SEND(2) BSD System Calls Manual SEND(2)
send, sendto, sendmsg -- send a message from a socket
Standard C Library (libc, -lc)
send(int s, const void *msg, size_t len, int flags);
sendto(int s, const void *msg, size_t len, int flags, const struct sockaddr *to, socklen_t tolen);
sendmsg(int s, const struct msghdr *msg, int flags);
The send() function, and sendto() and sendmsg() system calls are used to transmit a message to another socket. The send() function may be
used only when the socket is in a connected state, while sendto() and sendmsg() may be used at any time.
The address of the target is given by to with tolen specifying its size. The length of the message is given by len. If the message is too
long to pass atomically through the underlying protocol, the error EMSGSIZE is returned, and the message is not transmitted.
No indication of failure to deliver is implicit in a send(). Locally detected errors are indicated by a return value of -1.
If no messages space is available at the socket to hold the message to be transmitted, then send() normally blocks, unless the socket has
been placed in non-blocking I/O mode. The select(2) system call may be used to determine when it is possible to send more data.
The flags argument may include one or more of the following:
#define MSG_OOB 0x00001 /* process out-of-band data */
#define MSG_DONTROUTE 0x00004 /* bypass routing, use direct interface */
#define MSG_EOR 0x00008 /* data completes record */
#define MSG_EOF 0x00100 /* data completes transaction */
#define MSG_NOSIGNAL 0x20000 /* do not generate SIGPIPE on EOF */
The flag MSG_OOB is used to send ``out-of-band'' data on sockets that support this notion (e.g. SOCK_STREAM); the underlying protocol must
also support ``out-of-band'' data. MSG_EOR is used to indicate a record mark for protocols which support the concept. MSG_EOF requests that
the sender side of a socket be shut down, and that an appropriate indication be sent at the end of the specified data; this flag is only
implemented for SOCK_STREAM sockets in the PF_INET protocol family. MSG_DONTROUTE is usually used only by diagnostic or routing programs.
MSG_NOSIGNAL is used to prevent SIGPIPE generation when writing a socket that may be closed.
See recv(2) for a description of the msghdr structure.
The call returns the number of characters sent, or -1 if an error occurred.
The send() function and sendto() and sendmsg() system calls fail if:
[EBADF] An invalid descriptor was specified.
[EACCES] The destination address is a broadcast address, and SO_BROADCAST has not been set on the socket.
[ENOTSOCK] The argument s is not a socket.
[EFAULT] An invalid user space address was specified for an argument.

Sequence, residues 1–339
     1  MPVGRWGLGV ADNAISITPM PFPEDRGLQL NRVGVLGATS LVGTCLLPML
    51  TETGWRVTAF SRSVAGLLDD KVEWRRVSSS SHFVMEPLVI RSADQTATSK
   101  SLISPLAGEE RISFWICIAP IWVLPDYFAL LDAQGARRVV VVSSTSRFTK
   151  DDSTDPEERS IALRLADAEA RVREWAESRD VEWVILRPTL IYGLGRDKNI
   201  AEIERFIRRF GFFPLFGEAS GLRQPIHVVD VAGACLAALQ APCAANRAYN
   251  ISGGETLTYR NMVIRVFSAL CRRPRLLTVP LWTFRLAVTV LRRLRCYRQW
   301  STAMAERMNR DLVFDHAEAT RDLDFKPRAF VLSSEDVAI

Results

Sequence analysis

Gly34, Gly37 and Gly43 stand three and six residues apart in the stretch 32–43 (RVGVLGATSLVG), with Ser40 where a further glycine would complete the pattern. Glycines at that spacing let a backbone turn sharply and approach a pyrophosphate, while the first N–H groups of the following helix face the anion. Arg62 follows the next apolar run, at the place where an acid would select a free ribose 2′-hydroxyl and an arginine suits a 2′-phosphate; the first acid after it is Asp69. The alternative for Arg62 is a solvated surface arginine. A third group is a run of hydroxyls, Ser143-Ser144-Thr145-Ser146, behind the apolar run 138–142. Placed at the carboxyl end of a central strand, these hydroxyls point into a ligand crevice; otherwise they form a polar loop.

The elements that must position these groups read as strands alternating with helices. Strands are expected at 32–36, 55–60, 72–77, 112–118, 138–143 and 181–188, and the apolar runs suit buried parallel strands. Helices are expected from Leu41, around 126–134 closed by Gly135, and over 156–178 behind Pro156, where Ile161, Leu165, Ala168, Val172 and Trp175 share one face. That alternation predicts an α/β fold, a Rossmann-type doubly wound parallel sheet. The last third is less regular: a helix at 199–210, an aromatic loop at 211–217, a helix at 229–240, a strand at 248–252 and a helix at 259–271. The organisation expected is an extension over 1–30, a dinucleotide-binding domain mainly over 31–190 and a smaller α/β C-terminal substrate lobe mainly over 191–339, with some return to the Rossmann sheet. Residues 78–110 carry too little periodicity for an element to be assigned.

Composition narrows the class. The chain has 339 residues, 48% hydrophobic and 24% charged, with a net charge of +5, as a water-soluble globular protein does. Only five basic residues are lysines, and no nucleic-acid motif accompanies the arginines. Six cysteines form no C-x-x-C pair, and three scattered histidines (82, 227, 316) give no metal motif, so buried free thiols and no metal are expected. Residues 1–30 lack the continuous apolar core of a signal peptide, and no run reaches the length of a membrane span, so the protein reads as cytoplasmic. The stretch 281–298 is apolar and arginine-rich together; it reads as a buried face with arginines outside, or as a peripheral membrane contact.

[EMSGSIZE] The socket requires that message be sent atomically, and the size of the message to be sent made this impossible.
[EAGAIN] The socket is marked non-blocking and the requested operation would block.
[ENOBUFS] The system was unable to allocate an internal buffer. The operation may succeed when buffers become available.
[ENOBUFS] The output queue for a network interface was full. This generally indicates that the interface has stopped sending, but
may be caused by transient congestion.
[EHOSTUNREACH] The remote host was unreachable.
[EISCONN] A destination address was specified and the socket is already connected.
[ECONNREFUSED] The socket received an ICMP destination unreachable message from the last message sent. This typically means that the
receiver is not listening on the remote port.
[EHOSTDOWN] The remote host was down.
[ENETDOWN] The remote network was down.
[EADDRNOTAVAIL] The process using a SOCK_RAW socket was jailed and the source address specified in the IP header did not match the IP
address bound to the prison.
[EPIPE] The socket is unable to send anymore data (SBS_CANTSENDMORE has been set on the socket). This typically means that the
socket is not connected.
fcntl(2), getsockopt(2), recv(2), select(2), socket(2), write(2)
The send() function appeared in 4.2BSD.
Because sendmsg() does not necessarily block until the data has been transferred, it is possible to transfer an open file descriptor across
an AF_UNIX domain socket (see recv(2)), then close() it before it has actually been sent, the result being that the receiver gets a closed
file descriptor. It is left to the application to implement an acknowledgment mechanism to prevent this from happening.
February 5, 2009 BSD